Salmonella poisoning claims

Updated: October 8, 2018

Introduction

Although the incidence of Salmonella, or salmonellosis, has declined consistently in the UK since 2000, according to Food Standards Agency (FSA) there are still 2,500 hospital admissions per year.

Worldwide, however, salmonellosis is one of the most common and widely distributed foodborne diseases. Tens of millions of human cases occur.

Over 2,500 strains (or serotypes) of Salmonella species have been identified, but the 2 most important serotypes of salmonellosis transmitted from animals to humans in most parts of the world are Salmonella Enteritidis and Salmonella Typhimurium. These typically cause gastroenteritis, which is often uncomplicated and needs no treatment, but can be severe in the young, the elderly and patients with weakened immunity.

Salmonellosis and other poisoning illnesses among holidaymakers are not uncommon for those people travelling to locations where food hygiene standards are lower than standards in the UK.

Raw chicken
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Do I have a salmonella poisoning claim?

If you have been diagnosed with salmonella poisoning in the last three years (longer if children were involved) and someone else was to blame, then we can help you make a compensation claim.

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How is salmonellosis transmitted?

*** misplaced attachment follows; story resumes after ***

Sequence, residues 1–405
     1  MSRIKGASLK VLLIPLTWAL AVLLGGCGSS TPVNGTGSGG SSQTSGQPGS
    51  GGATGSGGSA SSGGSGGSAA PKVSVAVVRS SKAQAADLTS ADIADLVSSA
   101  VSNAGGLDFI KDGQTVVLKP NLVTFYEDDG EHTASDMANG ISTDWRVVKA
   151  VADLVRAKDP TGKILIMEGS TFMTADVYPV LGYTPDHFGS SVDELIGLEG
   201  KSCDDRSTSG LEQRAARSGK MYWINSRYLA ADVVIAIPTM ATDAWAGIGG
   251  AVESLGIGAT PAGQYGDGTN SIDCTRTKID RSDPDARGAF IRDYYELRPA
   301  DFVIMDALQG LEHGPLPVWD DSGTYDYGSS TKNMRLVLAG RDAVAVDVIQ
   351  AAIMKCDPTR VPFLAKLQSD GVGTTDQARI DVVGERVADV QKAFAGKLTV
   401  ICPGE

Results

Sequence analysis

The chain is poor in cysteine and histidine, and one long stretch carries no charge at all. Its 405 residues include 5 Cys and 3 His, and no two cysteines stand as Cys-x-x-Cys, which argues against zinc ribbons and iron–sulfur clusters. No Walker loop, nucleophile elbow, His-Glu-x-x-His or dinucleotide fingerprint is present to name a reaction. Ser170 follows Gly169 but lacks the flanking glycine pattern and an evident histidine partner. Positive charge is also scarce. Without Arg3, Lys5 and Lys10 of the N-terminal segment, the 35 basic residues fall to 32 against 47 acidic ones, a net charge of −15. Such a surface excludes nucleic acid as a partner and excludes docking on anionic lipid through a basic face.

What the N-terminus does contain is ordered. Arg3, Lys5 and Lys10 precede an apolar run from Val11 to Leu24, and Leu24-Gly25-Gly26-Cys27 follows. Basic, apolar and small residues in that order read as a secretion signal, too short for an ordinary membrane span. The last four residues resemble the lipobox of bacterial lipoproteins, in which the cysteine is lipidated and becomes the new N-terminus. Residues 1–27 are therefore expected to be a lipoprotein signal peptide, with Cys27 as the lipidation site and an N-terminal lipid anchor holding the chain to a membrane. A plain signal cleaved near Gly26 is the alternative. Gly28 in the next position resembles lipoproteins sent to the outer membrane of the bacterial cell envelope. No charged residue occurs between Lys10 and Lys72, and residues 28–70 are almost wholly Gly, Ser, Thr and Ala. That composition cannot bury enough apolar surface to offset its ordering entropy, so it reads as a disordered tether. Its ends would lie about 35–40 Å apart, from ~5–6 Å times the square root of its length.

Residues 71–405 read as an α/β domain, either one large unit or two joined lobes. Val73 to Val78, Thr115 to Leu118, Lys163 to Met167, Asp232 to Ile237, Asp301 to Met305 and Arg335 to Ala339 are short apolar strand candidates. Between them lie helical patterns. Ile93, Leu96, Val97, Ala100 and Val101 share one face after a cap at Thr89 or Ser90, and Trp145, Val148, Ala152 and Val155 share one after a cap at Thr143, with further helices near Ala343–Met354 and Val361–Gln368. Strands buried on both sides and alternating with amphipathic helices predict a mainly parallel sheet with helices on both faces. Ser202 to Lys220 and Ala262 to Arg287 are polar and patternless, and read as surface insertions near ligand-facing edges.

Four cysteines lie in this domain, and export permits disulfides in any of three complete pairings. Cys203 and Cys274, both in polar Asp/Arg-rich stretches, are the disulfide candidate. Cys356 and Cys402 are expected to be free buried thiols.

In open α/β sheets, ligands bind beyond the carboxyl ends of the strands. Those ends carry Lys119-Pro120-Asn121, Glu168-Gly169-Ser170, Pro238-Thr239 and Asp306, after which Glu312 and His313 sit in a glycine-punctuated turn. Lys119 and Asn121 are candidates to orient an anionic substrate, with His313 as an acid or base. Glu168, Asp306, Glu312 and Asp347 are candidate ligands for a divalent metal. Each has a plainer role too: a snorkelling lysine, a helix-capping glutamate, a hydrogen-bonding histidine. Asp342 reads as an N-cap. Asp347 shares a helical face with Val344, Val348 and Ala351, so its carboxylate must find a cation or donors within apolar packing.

Salmonella infections are usually picked up from eating or drinking contaminated food or water. The bacterium is destroyed by cooking, so undercooked food or unpasteurised milk may still carry infection.

Poor food hygiene in preparation or storage areas can result in cross contamination from raw food, particularly chicken and eggs. Food which is already cooked or needs no cooking such as fruit and salads may then become a source of infection.

People already infected with Salmonella may transmit bacteria to others through poor hygiene practice.

Establishing how and where the infection occurred is a critical step in the claims process. It must be demonstrated that the Defendant was legally responsible for the poor hygiene or other breach, and that this breach led to the Claimant's infection.

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What are the symptoms of salmonellosis?

Symptoms generally between 6 and 48 hours after contracting the infection. Symptoms generally include diarrhoea and vomiting, and patients may also sustain fever, abdominal cramps, headache and rashes. The illness may last for several days.

A small percentage of children under 5 may carry the bacteria for 12 months after the onset of their illness.

Complications of Salmonella poisoning - such as reactive arthritis - may arise, particularly among young children and people over 65.

Reactive arthritis is thought to occur in 2 to 15 percent of Salmonella patients. Symptoms, which usually appear 18 days after infection, include inflammation of the joints, eyes, or reproductive or urinary organs.

Calculating how much can be claimed for Salmonella poisoning